Powered by NewsLook.com
Hagel Gets Preview of New High-Tech Projects

Hagel Gets Preview of New High-Tech Projects

AP (Apr. 22, 2014) Defense Secretary Chuck Hagel is given hands-on demonstrations Tuesday of some of the newest research from DARPA _ the military's Defense Advanced Research Projects Agency program. (April 22) Video provided by AP
Powered by NewsLook.com
How Smaller Plates And Cutlery Could Make You Feel Fuller

How Smaller Plates And Cutlery Could Make You Feel Fuller

Newsy (Apr. 22, 2014) NBC's "Today" conducted an experiment to see if changing the size of plates and utensils affects the amount individuals eat. Video provided by Newsy
Powered by NewsLook.com

Search ScienceDaily

Number of stories in archives: 140,361

Find with keyword(s):
Enter a keyword or phrase to search ScienceDaily for related topics and research stories.

Save/Print:
Share:

Breaking News:
from the past week

In Other News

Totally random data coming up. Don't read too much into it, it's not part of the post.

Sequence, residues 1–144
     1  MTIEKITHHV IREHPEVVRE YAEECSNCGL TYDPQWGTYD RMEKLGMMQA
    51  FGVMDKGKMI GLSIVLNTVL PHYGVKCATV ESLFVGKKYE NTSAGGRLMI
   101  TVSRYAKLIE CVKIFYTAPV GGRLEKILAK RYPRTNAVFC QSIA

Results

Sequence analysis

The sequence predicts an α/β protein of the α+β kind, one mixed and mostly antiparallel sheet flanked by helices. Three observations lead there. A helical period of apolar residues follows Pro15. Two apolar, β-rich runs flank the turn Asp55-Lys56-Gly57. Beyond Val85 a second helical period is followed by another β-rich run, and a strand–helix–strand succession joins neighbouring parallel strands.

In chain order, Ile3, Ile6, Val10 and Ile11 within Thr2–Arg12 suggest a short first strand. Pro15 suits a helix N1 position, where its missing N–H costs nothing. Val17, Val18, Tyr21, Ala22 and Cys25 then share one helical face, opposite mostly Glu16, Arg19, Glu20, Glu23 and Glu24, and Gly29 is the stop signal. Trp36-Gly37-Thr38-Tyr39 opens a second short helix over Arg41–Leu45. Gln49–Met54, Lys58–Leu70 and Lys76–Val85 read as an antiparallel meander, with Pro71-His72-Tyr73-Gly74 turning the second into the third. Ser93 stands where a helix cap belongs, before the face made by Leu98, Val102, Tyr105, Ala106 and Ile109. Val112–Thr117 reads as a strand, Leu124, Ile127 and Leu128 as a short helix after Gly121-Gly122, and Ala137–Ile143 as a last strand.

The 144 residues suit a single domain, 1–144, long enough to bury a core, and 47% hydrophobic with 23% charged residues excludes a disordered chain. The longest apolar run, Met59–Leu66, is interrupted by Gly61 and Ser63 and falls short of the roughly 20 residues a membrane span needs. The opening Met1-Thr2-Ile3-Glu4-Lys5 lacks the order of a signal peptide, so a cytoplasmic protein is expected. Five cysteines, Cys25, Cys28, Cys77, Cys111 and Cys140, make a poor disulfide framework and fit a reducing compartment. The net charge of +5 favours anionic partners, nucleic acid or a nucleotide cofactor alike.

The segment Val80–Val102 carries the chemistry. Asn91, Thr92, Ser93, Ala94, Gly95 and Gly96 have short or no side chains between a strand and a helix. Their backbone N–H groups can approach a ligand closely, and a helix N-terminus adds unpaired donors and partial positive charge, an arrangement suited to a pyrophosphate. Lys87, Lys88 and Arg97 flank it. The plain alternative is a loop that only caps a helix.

... from NewsDaily.com

Science News

Health News

Environment News

Technology News



Save/Print:
Share:

Free Subscriptions


Get the latest science news with ScienceDaily's free email newsletters, updated daily and weekly. Or view hourly updated newsfeeds in your RSS reader:

Get Social & Mobile


Keep up to date with the latest news from ScienceDaily via social networks and mobile apps:

Have Feedback?


Tell us what you think of ScienceDaily -- we welcome both positive and negative comments. Have any problems using the site? Questions?
Mobile: iPhone Android Web
Follow: Facebook Twitter Google+
Subscribe: RSS Feeds Email Newsletters
Latest Headlines Health & Medicine Mind & Brain Space & Time Matter & Energy Computers & Math Plants & Animals Earth & Climate Fossils & Ruins